In addition to making exceptions to the general rule requiring informed consent for specific medical treatments, states will often allow minors to consent to medical treatment on the basis of their status—whether they are considered emancipated from their parents. Most states determine a child has reached the age of majority and is emancipated from his or her parents upon reaching the age of 18, although in Alabama and Nebraska, 19 is considered the age of majority, and in Pennsylvania it is 21. Mississippi has the age of majority at 21, but 18 as the age of consent for health care decisions.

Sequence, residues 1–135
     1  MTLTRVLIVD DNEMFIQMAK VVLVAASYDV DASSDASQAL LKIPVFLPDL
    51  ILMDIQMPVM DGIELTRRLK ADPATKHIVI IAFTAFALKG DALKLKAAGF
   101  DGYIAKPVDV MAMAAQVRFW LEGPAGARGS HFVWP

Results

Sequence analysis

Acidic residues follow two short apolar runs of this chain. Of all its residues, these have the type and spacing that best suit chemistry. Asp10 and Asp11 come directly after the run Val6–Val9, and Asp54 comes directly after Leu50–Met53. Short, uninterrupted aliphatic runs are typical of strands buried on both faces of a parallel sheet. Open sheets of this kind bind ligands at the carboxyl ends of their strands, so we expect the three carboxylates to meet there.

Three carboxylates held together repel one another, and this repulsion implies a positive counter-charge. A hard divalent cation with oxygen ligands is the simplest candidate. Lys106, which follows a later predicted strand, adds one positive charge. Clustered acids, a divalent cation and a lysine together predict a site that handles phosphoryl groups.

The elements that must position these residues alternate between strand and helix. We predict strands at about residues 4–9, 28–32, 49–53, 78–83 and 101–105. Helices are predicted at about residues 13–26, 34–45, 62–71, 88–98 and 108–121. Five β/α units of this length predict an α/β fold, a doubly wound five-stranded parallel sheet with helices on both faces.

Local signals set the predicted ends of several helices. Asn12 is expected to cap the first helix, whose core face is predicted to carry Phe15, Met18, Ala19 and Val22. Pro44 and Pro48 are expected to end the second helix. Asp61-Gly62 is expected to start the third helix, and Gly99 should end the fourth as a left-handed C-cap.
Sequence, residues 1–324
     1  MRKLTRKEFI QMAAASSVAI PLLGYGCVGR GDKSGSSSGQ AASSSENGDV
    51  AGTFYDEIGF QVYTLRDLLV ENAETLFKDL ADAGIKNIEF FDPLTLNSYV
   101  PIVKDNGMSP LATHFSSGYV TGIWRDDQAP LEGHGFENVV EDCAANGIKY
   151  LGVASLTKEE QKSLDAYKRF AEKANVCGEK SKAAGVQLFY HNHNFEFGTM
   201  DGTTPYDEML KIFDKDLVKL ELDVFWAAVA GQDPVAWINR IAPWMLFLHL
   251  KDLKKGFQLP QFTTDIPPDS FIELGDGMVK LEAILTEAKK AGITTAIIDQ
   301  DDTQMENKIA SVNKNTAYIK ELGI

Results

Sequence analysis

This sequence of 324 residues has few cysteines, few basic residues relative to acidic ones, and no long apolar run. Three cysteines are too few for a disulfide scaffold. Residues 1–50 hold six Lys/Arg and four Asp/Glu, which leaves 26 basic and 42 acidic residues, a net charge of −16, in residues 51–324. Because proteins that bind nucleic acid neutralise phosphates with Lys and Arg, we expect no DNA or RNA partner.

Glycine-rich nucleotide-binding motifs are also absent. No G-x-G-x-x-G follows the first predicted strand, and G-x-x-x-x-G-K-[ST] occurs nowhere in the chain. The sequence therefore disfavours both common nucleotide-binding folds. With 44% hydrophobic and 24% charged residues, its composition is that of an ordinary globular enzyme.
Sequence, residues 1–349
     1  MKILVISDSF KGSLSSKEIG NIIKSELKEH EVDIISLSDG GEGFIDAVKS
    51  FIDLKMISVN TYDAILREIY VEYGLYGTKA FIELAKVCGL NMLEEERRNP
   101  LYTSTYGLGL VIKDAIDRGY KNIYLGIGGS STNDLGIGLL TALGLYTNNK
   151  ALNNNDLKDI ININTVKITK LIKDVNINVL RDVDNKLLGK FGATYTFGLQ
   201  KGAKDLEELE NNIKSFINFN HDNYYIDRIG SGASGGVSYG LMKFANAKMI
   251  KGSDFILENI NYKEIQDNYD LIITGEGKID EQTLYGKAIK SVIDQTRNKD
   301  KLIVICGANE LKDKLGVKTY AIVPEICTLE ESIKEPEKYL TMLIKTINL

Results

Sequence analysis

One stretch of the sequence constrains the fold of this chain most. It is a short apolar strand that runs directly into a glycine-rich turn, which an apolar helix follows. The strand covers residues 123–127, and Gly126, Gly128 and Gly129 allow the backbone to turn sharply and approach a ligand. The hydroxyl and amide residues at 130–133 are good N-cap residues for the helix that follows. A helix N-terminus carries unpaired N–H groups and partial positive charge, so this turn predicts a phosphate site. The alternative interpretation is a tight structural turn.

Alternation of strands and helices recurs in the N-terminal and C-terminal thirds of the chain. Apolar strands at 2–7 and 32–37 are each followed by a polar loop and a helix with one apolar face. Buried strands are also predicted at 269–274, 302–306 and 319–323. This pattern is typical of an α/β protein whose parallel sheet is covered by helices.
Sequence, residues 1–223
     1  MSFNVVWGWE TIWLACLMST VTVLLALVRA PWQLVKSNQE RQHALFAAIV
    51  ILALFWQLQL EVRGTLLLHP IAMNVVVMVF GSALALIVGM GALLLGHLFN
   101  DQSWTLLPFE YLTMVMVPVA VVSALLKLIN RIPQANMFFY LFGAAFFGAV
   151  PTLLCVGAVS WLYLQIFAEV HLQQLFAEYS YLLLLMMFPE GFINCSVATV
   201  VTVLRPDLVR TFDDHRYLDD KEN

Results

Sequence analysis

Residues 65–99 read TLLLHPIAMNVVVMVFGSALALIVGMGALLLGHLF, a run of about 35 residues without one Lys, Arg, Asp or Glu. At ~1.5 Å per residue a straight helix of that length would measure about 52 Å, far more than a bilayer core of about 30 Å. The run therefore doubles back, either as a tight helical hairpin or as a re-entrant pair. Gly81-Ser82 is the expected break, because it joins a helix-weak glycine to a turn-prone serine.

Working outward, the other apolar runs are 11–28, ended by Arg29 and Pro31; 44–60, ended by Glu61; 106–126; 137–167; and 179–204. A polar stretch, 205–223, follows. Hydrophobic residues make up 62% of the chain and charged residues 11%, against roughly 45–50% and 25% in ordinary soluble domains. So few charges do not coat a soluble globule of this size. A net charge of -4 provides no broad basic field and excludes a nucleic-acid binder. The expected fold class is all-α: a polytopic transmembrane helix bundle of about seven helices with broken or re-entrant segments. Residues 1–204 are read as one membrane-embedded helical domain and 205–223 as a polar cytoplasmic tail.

Beyond age, courts can declare a minor emancipated from their parents and thus able to issue consent, if they meet certain conditions, including self-sufficiency, living separate and apart from the parents, receiving money from a business activity not related to the parents, and proven capability of managing their own affairs. Married and divorced minors are often considered automatically emancipated, as are minors on active duty with the armed forces. In addition, minor parents are allowed to make medical decisions for their children. In 29 states and the District of Columbia, this consent is explicitly authorized.